Awe: home to heavenly ambient drone noise soundscape visions

Sortlegeme, Awe, Russia, Perfect Aesthetics, AEST-042 limited edition cassette (2019)

As far as I can make out, Sortlegeme is a project that has been active since 2016, the year when recordings were first released under that name, run by a musician whose other project is Outer Nothingness which has been active since 2009. “Awe” is Sortlegeme’s third album, and the act’s first release for the Russian label Perfect Aesthetics: a most appropriate home for this recording of heavenly and highly immersive ambient drone noise soundscapes. The pink cover is very visually arresting too, though maybe not for the right reasons – it’s perhaps too pink for my liking!

The music creeps up on you quietly but once it makes its presence felt, it holds you spellbound with a warm radiant sheen that is spread over the entire work from start to finish. The music may be blurry and any edges it might have had initially have been smoothed over, though it does have its moments where the drones may be slightly ambivalent with regard to mood and underlying rhythms and effects sound as if they need your full attention in case they bite when you’re distracted by something else. For the most part, the album is rarely less than benign: even in its later moments when bristly noise froths up and the ambience becomes cold, suggesting a vast ethereal outer-space scenario where electromagnetic and radio waves pass continuously, I find the music not really unfriendly at all.

My impression is that the music should be more or less continuous but the cassette format forces it into two parts, and “Awe II” is definitely the warmer and more powerful and cohesive of the two tracks. The drones seem more focused on a distant objective and the radiant sounds have a rich quality all their own as they undulate and twist around one another. Different soundscapes pass smoothly one to another and an imaginative listener can easily make up his/her own story-line of what could be happening. In parts of the track there is an exploratory mood, as though the music itself is fascinated by how it is unspooling and curling up again, only to repeat, on the tape as it plays.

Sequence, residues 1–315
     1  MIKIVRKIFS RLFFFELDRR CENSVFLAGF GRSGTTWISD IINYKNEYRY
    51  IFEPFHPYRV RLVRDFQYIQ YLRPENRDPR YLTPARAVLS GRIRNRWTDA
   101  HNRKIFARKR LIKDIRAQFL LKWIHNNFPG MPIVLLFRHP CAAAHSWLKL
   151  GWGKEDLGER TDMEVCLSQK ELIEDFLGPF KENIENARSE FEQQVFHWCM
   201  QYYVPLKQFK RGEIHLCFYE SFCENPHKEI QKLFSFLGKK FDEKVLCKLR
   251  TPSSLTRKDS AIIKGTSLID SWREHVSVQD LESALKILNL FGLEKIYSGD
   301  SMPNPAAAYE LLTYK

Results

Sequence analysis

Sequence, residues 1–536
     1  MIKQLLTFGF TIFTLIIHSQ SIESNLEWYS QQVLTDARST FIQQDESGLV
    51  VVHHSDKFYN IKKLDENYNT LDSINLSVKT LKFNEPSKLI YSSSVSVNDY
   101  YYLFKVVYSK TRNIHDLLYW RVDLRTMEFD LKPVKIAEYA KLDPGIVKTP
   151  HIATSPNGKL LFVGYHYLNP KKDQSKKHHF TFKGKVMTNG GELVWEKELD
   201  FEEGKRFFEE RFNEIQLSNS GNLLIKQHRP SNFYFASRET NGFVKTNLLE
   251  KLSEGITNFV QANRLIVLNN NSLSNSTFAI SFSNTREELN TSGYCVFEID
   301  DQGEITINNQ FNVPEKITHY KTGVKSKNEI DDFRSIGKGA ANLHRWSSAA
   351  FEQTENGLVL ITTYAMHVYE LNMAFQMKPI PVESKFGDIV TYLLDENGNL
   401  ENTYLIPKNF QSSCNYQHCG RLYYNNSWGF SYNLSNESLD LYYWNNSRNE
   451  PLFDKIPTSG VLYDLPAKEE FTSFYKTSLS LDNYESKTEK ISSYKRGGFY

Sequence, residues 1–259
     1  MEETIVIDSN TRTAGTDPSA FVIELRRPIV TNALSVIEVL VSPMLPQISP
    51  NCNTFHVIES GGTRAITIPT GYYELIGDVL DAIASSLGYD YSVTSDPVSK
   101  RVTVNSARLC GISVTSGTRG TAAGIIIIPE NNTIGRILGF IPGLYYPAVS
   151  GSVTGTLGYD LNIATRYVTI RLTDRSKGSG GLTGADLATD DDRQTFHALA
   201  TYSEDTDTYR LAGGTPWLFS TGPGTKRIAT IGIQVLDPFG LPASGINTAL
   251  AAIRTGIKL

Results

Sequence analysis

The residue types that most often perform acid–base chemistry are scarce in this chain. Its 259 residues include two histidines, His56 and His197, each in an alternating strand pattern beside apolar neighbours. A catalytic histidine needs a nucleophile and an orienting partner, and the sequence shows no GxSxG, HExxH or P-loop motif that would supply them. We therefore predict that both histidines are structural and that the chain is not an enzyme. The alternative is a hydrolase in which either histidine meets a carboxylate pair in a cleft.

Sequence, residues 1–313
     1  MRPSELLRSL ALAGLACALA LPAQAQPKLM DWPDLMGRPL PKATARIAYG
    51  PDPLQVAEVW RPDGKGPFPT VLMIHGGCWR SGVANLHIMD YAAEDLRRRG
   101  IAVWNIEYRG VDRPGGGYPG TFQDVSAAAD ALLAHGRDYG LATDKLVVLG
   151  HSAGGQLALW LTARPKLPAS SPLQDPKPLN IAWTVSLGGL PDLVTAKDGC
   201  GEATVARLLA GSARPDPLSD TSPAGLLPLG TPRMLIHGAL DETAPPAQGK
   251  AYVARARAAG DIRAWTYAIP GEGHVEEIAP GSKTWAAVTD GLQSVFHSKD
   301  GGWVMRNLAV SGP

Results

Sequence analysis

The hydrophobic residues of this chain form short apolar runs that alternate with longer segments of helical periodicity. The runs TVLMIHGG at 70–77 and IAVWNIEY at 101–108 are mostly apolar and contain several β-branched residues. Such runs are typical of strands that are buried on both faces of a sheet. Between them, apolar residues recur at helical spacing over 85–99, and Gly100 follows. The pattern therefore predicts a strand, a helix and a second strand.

Maybe the music isn’t as original as it could be – among other instruments, the analog synthesiser has been through its squiggly paces before countless times on other people’s recordings – but still, it sounds so grand, majestic and triumphant as it soars heavenward and out into the universe yonder. The layered textures become complex as scraping sandpaper noise combines with organ drone, atmospheric radiance and a pulsing effect to form a mighty spaceship that cruises from one star system to the next.

For a recording at less than 40 minutes, “Awe” has mighty aspirations to be a soundtrack for a major film or television series in which mighty fleets of spaceships patrol sections of galaxies and their crews are worshipped as gods by inhabitants of the planets they visit.

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